As the threat of full-scale sectarian strife looms, the American military is scrambling to try to weed out ethnic or religious partisans from the Iraqi security forces. The United States faces the possibility that it has been arming one side in a prospective civil war. Early on, Americans ceded operational control of the police to the Iraqi government. Now, the police forces are overseen at the highest levels by religious Shiite parties with militias, and reports of uniformed death squads have risen sharply in the past year. The American military is trying an array of possible solutions, including quotas to increase the number of Sunni Arab recruits in police academies, firing Shiite police commanders who appear to tolerate militias, and sending 200 training teams composed of military police officers or former civilian police officers to Iraqi stations, even in remote and risky locations. (Edward Wong, "U.S. Is Seeking Better Balance In Iraqi Police," The New York Times, March 7, 2006, Pg. A1)

The United States commander for training Iraqi security forces expressed guarded satisfaction on Friday with the performance of new Iraqi Army and national police units in tamping down the sectarian violence that erupted after the bombing of the Golden Mosque in Samarra last month. But the commander, Lt. Gen. Martin E. Dempsey, acknowledged that the crisis also provided a clearer picture of the troubling shortfalls of the Iraqi local police, on whom, he said, American trainers now must focus their efforts. (Thom Shanker, "General Praises Iraqi Forces In Mosque Attack Mayhem," The New York Times, March 25, 2006, Pg. A7)

The Pentagon yesterday said it had made progress training Iraqi security forces, on the same day that 1,500 US troops stationed in Kuwait were transferred to Anbar, a province in western Iraq, to boost security there. The Pentagon's quarterly report to Congress on Iraq said Anbar remained one of the most dangerous regions of the country alongside Baghdad, Salah ad Din, and Diyala. It said Anbar had the highest number of daily attacks per capita over the past three months. Lieutenant General Gene Renuart, director for strategic plans and policy on the JointStaff, said the situation inAnbar was still a "challenge". The Pentagon said the number of Iraqi soldiers and police who had completed their training had risen to 263,400, an increase of 36,100 from three months ago. It said the Iraqi ministries of defence and interior were on track to complete initial training targets by the end of this year. (Demetri Sevastopulo, "Pentagon reports good progress on training of Iraqi security forces," Financial Times, May 31, 2006, Pg. 4)

summer 2006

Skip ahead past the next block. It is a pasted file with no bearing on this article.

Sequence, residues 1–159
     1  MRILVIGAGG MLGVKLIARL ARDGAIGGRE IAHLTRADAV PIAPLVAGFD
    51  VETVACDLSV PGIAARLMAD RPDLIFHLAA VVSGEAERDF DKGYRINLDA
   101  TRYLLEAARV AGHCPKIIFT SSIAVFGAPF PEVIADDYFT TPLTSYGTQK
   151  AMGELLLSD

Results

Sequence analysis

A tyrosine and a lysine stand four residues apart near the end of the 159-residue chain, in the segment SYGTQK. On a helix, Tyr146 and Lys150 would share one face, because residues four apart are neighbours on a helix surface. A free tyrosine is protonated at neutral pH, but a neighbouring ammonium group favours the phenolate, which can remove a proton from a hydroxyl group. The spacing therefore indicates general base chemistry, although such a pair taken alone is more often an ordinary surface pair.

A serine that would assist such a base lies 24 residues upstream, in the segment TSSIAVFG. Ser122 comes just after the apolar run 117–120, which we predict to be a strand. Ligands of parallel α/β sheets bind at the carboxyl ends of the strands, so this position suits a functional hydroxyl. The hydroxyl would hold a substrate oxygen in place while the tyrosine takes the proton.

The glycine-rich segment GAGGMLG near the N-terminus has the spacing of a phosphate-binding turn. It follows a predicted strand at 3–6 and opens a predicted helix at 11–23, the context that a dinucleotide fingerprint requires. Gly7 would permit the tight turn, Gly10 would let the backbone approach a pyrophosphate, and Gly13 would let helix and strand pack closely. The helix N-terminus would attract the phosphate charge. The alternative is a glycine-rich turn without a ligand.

U.S. military commanders expect to meet their goal of training and equipping more than 325,000 members of the new Iraqi security forces by the end of this year, an important step in developing Iraq's self-defense, Lt. Gen. Martin Dempsey, who leads the training effort, said yesterday. Top officials remain optimistic that they will meet targets that call for training 137,000 troops for the Iraqi military and 188,000 people for Interior ministry units such as local police and the border patrol. But they warned that there is a long way to go before the Iraqis will be able to independently fight the insurgents. "It's just not appropriate yet to be thinking in terms of independent anything in Iraq," Dempsey said. "This, remember, is a nation at war, and although they have taken responsibility for battle space, and large swaths of it . . . they are not independent at this point in time." (Josh White, "U.S. Military Expects to Meet Training Goal for Iraqi Security Forces," The Washington Post, June 28, 2006, Pg. A20)

Despite the addition of almost 100,000 U.S.-trained Iraqi troops in the past year, American efforts to pacify central Iraq and the capital appear to be failing, challenging a central tenet of U.S. strategy that training more Iraqi security forces will allow U.S. troops to start going home. The number of trained Iraqi soldiers and police grew from an estimated 168,670 in June 2005 to about 264,600 this June. Yet Baghdad's morgue is receiving nearly twice as many bodies each day as it did last year. "Even as the number and capabilities of Iraqi security forces have increased, overall security conditions have deteriorated," concluded a report that the Government Accountability Office submitted to Congress earlier this month. (Tom Lasseter, "More U.S.-trained Iraqi troops have yet to increase security," Star Tribune (Minneapolis), July 20, 2006, Pg. 13A)